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Modern Love: Reading, Writing, and Publishing the Romance Novel
There is no more polarizing literary genre than romance. It is often referred to in academic and literary circles by the disparaging moniker, “Chick Lit.” Nevertheless, the romance genre continues to be one of the most successful in popular literature today, with over 30 million avid readers and sales of $1.44 billion annually.
This creative thesis is broken down into two parts—essay and completed manuscript. In the essay I take an autoethnographic approach by assessing the genre and how it impacts me as a writer of contemporary romance. First, I address the belief held by many feminists regarding the universal romance plot of “the happily ever after” as being an antifeminist message. I evaluate, as times have changed, romance storylines and how they have transformed to reflect shifting reader demographics that are decidedly pro-feminist, including my own work.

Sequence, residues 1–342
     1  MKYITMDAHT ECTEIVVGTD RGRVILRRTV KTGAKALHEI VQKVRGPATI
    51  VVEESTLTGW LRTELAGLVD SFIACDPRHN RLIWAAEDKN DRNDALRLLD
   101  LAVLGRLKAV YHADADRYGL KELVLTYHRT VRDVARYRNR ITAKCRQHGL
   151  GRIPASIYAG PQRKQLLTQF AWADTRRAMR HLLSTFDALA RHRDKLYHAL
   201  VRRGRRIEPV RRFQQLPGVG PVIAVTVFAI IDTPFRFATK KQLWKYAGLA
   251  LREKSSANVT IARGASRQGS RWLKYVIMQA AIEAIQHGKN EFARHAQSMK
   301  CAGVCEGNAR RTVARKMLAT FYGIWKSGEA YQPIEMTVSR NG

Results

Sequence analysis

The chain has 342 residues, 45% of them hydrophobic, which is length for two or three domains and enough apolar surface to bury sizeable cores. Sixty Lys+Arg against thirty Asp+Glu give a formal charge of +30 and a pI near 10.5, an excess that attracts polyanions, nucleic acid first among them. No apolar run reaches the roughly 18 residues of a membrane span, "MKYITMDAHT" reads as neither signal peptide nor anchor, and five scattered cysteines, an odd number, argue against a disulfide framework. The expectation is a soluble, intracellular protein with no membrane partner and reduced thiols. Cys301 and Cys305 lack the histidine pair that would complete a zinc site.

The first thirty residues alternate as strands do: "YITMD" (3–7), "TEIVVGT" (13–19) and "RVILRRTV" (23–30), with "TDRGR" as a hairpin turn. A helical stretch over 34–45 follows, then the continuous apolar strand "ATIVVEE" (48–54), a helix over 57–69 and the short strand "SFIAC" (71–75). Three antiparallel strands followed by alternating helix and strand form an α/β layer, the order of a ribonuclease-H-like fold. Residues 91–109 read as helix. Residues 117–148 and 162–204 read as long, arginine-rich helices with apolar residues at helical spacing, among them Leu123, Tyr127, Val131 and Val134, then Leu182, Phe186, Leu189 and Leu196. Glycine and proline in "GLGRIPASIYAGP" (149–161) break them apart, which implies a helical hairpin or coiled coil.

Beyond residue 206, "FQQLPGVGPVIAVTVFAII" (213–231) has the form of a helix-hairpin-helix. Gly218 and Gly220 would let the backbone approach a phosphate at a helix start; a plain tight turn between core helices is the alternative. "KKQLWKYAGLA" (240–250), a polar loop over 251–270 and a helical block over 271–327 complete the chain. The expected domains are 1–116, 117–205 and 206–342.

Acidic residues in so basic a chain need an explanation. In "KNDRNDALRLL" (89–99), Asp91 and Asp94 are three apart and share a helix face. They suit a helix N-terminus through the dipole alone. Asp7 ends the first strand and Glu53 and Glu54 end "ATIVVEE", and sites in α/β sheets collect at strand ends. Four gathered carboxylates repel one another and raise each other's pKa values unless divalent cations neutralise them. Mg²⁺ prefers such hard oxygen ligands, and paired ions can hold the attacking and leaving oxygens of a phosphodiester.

Within the essay I discuss my writing path and focus on the romance genre and acknowledge two authors who have influenced my work—Jennifer Crusie and Jane Austen. Citing samples of their work, I reflect on how both author’s styles have not only informed my writing, but also illustrate their decidedly pro-feminist messaging. Finally, I explore the process to publication, both through traditional and independent publishing, citing the various resources available to authors. I conclude with a tentative timeline to publication for my completed manuscript, a 75,700-word contemporary romance novel entitled “Ghost of a Chance.”